Pirate music added to Dutch intangible cultural heritage (if it’s broadcast legally)
Pirate radio music culture has been named as an official part of the Netherlands’ cultural heritage – its legal aspects, in any case.
This week the Dutch centre for intangible cultural heritage added the ‘culture of pirate music (but not illegal broadcasts)’ to the list of national traditions that should be protected for the next generation.
Peter Zwiers, a Labour regional politician in Drente, has helped lead an initiative to recognise Dutch pirate music culture as an important movement. ‘This is about respect and recognition that this is part of our Dutch culture,’ he told DutchNews.nl.
‘It started in the 1930s in the Overijssel, and after the war it moved to the east and the north. It’s mostly Dutch language music, also some 1960s and 1970s tracks: it’s music you rarely hear on commercial radio, typically comes from workers and people with a manual profession and is very big especially in the north and east of the Netherlands.
‘Pirate music started illegally, and this has been recognised, but as with a lot of culture, today there are lots of modern possibilities. It brings together young and old, and I’m extremely happy and proud that it has been recognised.’
According to material submitted to the Dutch centre for intangible cultural heritage, there are now an estimated 100,000 listeners to Dutch ‘pirate’ music, through legal radio stations, the internet and local events or festivals such as the Twentse Piraten Party. The largest internet station is Radio Olympia, which unites 40 smaller stations, and other main broadcasters include Radio Moonlights and Hitstream FM.
Leading bands include Time Out, with classics like ‘Colorado’, The Evening Stars and Quintus. Official ambassadors of the new movement include singer Monica West and Henk Wijngaard, whose numbers include an ‘Ode to the Truckers’ at the start of the coronavirus lockdown.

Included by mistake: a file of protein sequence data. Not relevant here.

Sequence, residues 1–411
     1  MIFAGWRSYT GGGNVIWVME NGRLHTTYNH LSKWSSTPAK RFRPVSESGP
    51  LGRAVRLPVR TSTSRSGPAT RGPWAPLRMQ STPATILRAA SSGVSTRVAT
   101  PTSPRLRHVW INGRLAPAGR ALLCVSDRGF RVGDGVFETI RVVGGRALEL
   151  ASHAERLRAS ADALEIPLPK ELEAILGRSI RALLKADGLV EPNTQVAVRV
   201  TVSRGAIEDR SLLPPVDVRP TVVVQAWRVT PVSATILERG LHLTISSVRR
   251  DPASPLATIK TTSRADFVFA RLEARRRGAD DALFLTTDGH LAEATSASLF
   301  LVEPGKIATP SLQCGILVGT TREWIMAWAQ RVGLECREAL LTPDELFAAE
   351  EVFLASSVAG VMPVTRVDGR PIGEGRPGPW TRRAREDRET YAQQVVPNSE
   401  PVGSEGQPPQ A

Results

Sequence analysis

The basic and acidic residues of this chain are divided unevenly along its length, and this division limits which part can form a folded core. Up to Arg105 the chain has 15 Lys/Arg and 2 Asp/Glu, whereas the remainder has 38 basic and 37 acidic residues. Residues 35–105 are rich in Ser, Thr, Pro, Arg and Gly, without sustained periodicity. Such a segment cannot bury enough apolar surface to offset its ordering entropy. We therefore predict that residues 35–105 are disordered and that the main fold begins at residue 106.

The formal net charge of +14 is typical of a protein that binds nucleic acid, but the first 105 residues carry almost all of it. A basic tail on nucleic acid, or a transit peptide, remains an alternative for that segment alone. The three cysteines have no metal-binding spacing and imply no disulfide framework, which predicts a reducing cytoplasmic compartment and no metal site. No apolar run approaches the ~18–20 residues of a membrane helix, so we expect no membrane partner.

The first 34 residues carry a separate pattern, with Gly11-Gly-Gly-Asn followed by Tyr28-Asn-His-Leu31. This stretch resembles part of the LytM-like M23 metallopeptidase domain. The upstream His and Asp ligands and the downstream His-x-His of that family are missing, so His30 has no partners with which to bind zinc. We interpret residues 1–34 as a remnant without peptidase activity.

Pirate music was seen in the past as a particularly important means of minority cultural expression in the Netherlands, where society was separated into different, ‘pillars’ with their own media and political parties. Its modern day proponents point out that it is still not the kind of music played by mainstream, Hilversum-based media.
Jimme Nordkamp, a keen listener and labour politician, who was also behind the movement, said: ‘It is quite right that this has happened. It is part of a lot of people’s identity, it gives a huge amount of pleasure and it is characteristic in our part of the Netherlands and in the north. It is important to protect and pass down to the younger generation.’
Frank Hemeltjen, an adviser at Dutch centre for intangible cultural heritage, said the music had been added to the list of 185 types of cultural gems at the request of an active community, who also submitted a plan to protect and promote it in future.
‘Material and intangible cultural heritage are two sides of the same coin,’ he said. ‘It’s important in our agreement with Unesco that no unlawful activities can be part of our list. Illegal music broadcasts are forbidden in the Netherlands and so it was important for this musical community to be very explicit about what they were (and were not) doing.
‘But the essence of pirate music is that it isn’t played by mainstream radio and so it has been easy to overlook.’
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